Hyper Pipelined Technology
In order to deliver the
highest clock rates, the Pentium 4 features a pipeline twice as big as the
one on the Pentium III (10). The original Pentium processor which was based
on the P5 architecture featured a total of 5 stages. Intel doubled that number
on the P6 architecture featuring a total of 10 stages on the Pentium PRO and
Pentium III. Intel doubled that number again with their latest architecture
(NetBurst); the Pentium 4 features a total of 20 Pipelines. The 20-stage
pipeline is what Intel calls their Hyper Pipelined Technology.
Advanced Dynamic Execution
Intel describes the Advanced Dynamic Execution being an out of order speculative
execution engine. This engine keeps the execution units executing instructions.
This is accomplished by providing a large window of instructions from which
the execution units can choose. The large out of order instruction window
allows the processor to avoid stalls that might occur while instructions are
waiting for dependencies to resolve. Intelís previous P6 architecture featured
a small window of 42 instructions, the NetBurst architecture that can have
up to 126 instructions in this window (in flight).
This technology at the same time features an improved branch prediction capability.
The Pentium 4 is estimated to reduce branch miss-predictions by around 33%
compared to the P6 architectureís branch prediction capability. This is achieved
by implanting a 4K branch target buffer that is used to store more detail
on the history of past branches and as well as by implementing a more advanced
branch prediction algorithm.
Rapid Execution Engine
The new architecture permitted
the Pentium 4 to run the Arithmetic Logic Units (ALUs) two times the frequency
of the Processorís core it self. This means that the Arithmetic Logic Units
on a Pentium 4 running at 2.2 are operating at 4.4GHz with a latency that
is half the duration of the core clock. This can be directly translated in
higher through and reduced latency of execution.
400MHz Front Side Bus
The most talked features about the Pentium 4 is its 400MHz BUS. The Pentium
III Processorís 133MHz bus, which is 64-bit Wide, is capable of delivering
1.06GB/S of data. The Architecture of the Pentium 4 is somewhat different.
The Pentium 4ís bus is clocked at only 100MHz at also 64-bit wide, what differs
here is that the 100MHz is quad pumped and is capable of achieving a whooping
Advanced Transfer Cache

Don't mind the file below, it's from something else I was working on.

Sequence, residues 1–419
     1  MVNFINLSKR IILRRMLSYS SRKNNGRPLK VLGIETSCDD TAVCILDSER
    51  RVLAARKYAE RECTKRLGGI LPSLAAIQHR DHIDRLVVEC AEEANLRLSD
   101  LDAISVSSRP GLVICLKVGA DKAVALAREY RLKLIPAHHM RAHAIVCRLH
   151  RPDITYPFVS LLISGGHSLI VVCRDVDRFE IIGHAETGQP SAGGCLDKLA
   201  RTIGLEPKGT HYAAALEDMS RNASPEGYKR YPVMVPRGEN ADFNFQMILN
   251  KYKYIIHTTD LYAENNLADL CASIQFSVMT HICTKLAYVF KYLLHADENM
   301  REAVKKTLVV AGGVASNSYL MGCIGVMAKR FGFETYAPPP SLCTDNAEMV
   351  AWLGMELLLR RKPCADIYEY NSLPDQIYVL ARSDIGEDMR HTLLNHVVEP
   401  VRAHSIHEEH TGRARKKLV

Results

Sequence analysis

Intelís Pentium 4 features 8KB of L1 data cache. This is half the size of what
the Pentium III features. This may seem a bit confusing at first, but smaller
caches have lower latencies. This was done in order to decrease the latency
of the L1 memory, this should result in an improved transfer rate but at the
same time, the little size (8K) might not be enough for some specific tasks.
This is where the L2 memory comes in mind. The Pentium 4 Willamette, like
the Pentium III (Coppermine) features 256k of on-die-cache
on a 256-bit bus and the Pentium 4 Northwood features a total of 512K of L2
Execution Trace Cache
This technology caches decoded x86 instructions (micro-ops), thus removing
the latency associated with the instruction decoder from the execution loop.
The Execution Trace Cache stores the micro-ops in the path of program execution
flow, where the results of branches in the code are integrated into the same
Execution Trace Cache is another handy technique Intel implemented in its
new Architecture to ease the penalty of miss-Predicted Branch instructions.
On older Intel processors, based on previous architectures, if the branch
instruction was miss-predicted, the processor needed to start the process
from the beginning. The NetBurst architectures allows going directly through
the Execution Trace Cache Technology to retrieve the micro-op and then send
it through execution pipeline without having to restart the process from the
Streaming SIMD Extensions
Pentium 4 architecture features 144 new instructions capable of delivering
128-bit SIMD integer arithmetic operation and 128-Bit SIMD Double Precision